Life on the Rocks

By Bonnie Chasteen | July 1, 2019
From Xplor: July/August 2019

It takes special superpowers to live on Missouri’s glades. Everybody knows that scorpions and roadrunners live in hot, dry, cactus-filled deserts. The Show-Me State doesn’t have sand dunes, but we do have a few areas where desert critters make their home. These little hot spots are called glades.

In Missouri, you’ll find glades mostly on south- or west-facing slopes in the Ozarks, where layers of rock jut through the surface in forests, woods, and prairies. Let’s take a look at some of the awesomely adapted plants and animals that live there.

Super-Powerful Plants

If you’re a glade plant, you need ways to live without much water. Prickly pear cactus stores water in its thick leaves to use in times of drought. Hoary puccoon has tiny hairs to slow water’s evaporationfrom its stems. Prairie dock has superlong roots that wind through cracks in the rock, seeking water deep down in the ground. Rock-hugging plants like mosses trap water in spongy mats.

Kinds of Glades and Where to See Them

Glades take their names from the type of bedrock they form on.

Limestone glades — Limestone is a crumbly, holey, cool-looking sedimentary rock made from layers of calcium carbonate and bits of fossilized coral and seashells.

  • Rocky Barrens Conservation Area
  • Springfield Conservation Nature Center
  • Wilson’s Creek National Battlefield

Dolomite glades — Dolomite is a mineral that makes up a coarser, harder kind of limestone.

  • Victoria Glades Conservation Area
  • Ha Ha Tonka State Park
  • Henning Conservation Area

Chert glades — Chert is a hard, sedimentary rock related to flint. These glades are found along streams near Joplin in southwest Missouri.

  • Wildcat Glade Natural Area

Sandstone glades — Yet another kind of sedimentary rock, sandstone is made up of tiny specks of sparkly quartz or feldspar.

  • Graham Cave State Park

Igneous glades — “Igneous” means “volcanic.” The rocks that form the knobs, mountains, and shut-ins in southeast Missouri hardened from ancient lava flows.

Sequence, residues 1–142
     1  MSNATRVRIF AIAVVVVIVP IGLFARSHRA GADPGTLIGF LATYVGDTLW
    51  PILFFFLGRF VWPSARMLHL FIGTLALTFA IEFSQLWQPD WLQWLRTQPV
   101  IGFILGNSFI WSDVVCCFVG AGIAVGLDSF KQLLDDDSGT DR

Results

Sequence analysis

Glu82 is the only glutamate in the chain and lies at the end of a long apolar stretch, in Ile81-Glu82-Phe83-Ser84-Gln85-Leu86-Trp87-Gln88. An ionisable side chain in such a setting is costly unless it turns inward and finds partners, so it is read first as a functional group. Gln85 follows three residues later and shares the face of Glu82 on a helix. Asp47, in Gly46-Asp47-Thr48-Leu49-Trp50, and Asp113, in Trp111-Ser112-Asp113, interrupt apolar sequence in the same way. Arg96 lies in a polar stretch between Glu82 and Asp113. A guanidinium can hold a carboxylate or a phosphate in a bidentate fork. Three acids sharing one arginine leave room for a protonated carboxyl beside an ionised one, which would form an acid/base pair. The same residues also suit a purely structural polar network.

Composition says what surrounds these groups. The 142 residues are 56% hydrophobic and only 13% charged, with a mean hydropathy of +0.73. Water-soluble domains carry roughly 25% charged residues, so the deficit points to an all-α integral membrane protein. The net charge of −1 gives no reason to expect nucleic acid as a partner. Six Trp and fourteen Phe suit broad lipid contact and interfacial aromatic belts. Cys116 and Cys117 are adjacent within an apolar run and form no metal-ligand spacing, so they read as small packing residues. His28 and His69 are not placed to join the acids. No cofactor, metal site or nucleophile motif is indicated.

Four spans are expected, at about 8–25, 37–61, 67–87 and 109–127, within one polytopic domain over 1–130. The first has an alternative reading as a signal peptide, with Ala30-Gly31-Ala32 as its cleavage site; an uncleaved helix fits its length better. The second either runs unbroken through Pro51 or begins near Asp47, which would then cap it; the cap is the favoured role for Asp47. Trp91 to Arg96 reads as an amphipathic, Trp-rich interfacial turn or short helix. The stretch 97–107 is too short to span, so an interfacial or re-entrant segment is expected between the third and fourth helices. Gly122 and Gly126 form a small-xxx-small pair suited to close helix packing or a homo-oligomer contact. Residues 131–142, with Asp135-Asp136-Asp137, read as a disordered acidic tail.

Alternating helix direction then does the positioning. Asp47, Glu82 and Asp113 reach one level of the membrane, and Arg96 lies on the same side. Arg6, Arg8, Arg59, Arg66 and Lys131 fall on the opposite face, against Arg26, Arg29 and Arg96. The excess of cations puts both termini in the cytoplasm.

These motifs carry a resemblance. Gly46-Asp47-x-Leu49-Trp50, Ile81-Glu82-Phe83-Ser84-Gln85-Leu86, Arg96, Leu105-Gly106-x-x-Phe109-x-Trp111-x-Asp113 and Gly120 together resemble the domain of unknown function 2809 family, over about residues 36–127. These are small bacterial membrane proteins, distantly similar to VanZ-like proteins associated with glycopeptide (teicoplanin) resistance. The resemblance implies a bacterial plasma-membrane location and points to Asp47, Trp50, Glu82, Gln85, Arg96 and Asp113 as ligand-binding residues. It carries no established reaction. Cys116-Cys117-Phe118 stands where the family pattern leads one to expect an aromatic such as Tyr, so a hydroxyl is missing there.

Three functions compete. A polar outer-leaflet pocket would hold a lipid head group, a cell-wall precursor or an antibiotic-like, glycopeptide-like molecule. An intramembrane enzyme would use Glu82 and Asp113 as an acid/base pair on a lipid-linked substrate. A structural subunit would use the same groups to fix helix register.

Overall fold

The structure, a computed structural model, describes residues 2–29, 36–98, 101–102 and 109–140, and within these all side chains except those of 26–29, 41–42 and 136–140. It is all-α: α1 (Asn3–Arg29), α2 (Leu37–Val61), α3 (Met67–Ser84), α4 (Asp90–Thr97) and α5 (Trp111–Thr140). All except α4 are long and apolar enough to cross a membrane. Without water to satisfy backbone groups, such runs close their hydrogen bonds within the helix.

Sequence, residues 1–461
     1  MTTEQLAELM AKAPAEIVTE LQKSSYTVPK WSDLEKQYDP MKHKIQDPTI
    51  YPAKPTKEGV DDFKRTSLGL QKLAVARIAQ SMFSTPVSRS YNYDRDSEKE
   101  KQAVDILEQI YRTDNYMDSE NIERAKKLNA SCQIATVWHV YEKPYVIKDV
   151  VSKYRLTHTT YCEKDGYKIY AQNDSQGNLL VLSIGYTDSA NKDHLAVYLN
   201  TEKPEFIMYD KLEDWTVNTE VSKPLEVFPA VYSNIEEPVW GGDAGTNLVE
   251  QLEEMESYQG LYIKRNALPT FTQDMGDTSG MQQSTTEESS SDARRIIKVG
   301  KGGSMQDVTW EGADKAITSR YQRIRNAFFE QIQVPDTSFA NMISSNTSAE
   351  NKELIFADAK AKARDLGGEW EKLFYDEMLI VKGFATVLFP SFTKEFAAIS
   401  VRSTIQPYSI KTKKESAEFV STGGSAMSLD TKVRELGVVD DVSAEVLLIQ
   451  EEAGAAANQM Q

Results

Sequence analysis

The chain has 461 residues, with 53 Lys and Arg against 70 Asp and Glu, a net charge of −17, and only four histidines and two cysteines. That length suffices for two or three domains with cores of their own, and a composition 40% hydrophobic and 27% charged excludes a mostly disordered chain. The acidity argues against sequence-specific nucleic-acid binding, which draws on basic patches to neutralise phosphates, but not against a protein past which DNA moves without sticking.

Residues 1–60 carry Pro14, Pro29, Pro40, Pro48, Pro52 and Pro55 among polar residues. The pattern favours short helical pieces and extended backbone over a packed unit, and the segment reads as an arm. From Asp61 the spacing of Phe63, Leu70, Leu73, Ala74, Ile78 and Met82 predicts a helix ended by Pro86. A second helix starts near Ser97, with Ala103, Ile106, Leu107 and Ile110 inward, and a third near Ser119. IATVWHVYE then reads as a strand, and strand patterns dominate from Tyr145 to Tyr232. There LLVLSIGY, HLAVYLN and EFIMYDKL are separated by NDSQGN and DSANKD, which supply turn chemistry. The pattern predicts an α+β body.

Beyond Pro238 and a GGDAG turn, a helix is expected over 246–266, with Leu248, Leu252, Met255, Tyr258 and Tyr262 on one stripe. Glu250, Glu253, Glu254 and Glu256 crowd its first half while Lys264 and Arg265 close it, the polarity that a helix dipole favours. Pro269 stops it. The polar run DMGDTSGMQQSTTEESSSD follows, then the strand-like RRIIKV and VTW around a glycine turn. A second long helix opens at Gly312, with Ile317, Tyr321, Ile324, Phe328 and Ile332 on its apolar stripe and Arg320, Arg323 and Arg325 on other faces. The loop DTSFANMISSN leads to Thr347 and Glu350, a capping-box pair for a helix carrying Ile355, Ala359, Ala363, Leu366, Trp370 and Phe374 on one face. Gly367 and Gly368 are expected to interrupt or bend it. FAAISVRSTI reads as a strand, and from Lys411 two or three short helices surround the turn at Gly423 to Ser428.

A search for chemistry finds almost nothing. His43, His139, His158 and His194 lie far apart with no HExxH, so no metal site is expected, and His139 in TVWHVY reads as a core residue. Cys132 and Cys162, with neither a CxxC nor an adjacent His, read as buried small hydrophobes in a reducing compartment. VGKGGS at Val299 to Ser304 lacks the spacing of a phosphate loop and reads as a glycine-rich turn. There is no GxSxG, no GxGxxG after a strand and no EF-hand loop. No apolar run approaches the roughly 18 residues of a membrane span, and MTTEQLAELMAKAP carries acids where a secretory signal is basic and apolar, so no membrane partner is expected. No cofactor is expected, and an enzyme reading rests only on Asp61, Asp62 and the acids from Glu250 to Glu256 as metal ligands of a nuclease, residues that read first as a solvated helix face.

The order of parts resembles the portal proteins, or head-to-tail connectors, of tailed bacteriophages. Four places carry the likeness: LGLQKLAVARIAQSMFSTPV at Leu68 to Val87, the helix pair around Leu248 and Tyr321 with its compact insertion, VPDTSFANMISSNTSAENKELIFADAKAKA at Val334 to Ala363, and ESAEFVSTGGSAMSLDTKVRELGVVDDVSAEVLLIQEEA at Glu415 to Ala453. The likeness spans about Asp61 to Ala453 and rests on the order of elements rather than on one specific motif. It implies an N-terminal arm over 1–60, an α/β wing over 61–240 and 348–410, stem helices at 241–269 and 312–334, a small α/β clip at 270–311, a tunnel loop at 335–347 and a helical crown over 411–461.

• Ketcherside Mountain Conservation Area
  • Hughes Mountain Natural Area

Amazing Animal Adaptations

If you’re a glade animal, you need ways to escape the scorching heat and the many other animals that want to eat you. The eastern small-footed bat lives among trees at the glade’s edge. It sleeps under rocks or tree bark during the day, and at night it flits around the glade’s open areas, scooping up flying insects.

Another animal that avoids the heat is the tarantula. You will rarely see this big, hairy spider because it hunts for insects at night. By day, it hides in rocky crevices or abandoned burrows dug by rodents or lizards.

Cold-blooded snakes and lizards love living in glades. Here they can warm themselves on rocks and hide among the crevices when the sun gets too hot or when predators appear. If you’re lucky, you might spot the colorful eastern collared lizard. This fast runner often boogies along on its hind legs with the forward part of its body upright.

Maybe the collared lizard runs on its hind legs to catch a meal — or to avoid becoming a roadrunner’s lunch. Roadrunners love to eat lizards, snakes, insects, and rodents. Roadrunners can fly, but they usually use their strong legs to chase their prey — or to escape a wily coyote.


Many glade creatures such as rattlesnakes, scorpions, and centipedes are fun to see, but they’re venomous and can deliver painful, dangerous bites or stings. Watch your step and where you put your hands.

Hiding in Plain Sight

Insects make up a large part of glade life, serving as food for critters like the variable groundsnake. To avoid their predators, glade insects have adapted cunning disguises. The lichen grasshopper, for example, is virtually invisible, even when it is sunning itself out in the open. It can be light gray, pink, or green with dark spots, depending on the color of the rock it is resting on. This slow-moving insect is easy to catch — if you can see it!

Camouflage also helps the striped bark scorpion hide. These venomous creatures are the same color as the rocks and logs they live under. Missouri’s only scorpion comes out at night to hunt for insects and spiders. It uses the sharp stinger at the end of its tail to inject venom in its prey.

Walk Lightly and Take Nothing but Photos

When you visit a glade, you may be tempted to turn over rocks or pick flowers. But this harms the plants and animals that live there. Take a photo instead. It will remind you what a great time you had — and it will help you protect one of Missouri’s fragile little deserts.

Also In This Issue

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This Issue's Staff

Bonnie Chasteen
Les Fortenberry
Karen Hudson
Angie Daly Morfeld
Noppadol Paothong
Marci Porter
Mark Raithel
Laura Scheuler
Matt Seek
David Stonner
Nichole LeClair Terrill
Stephanie Thurber
Cliff White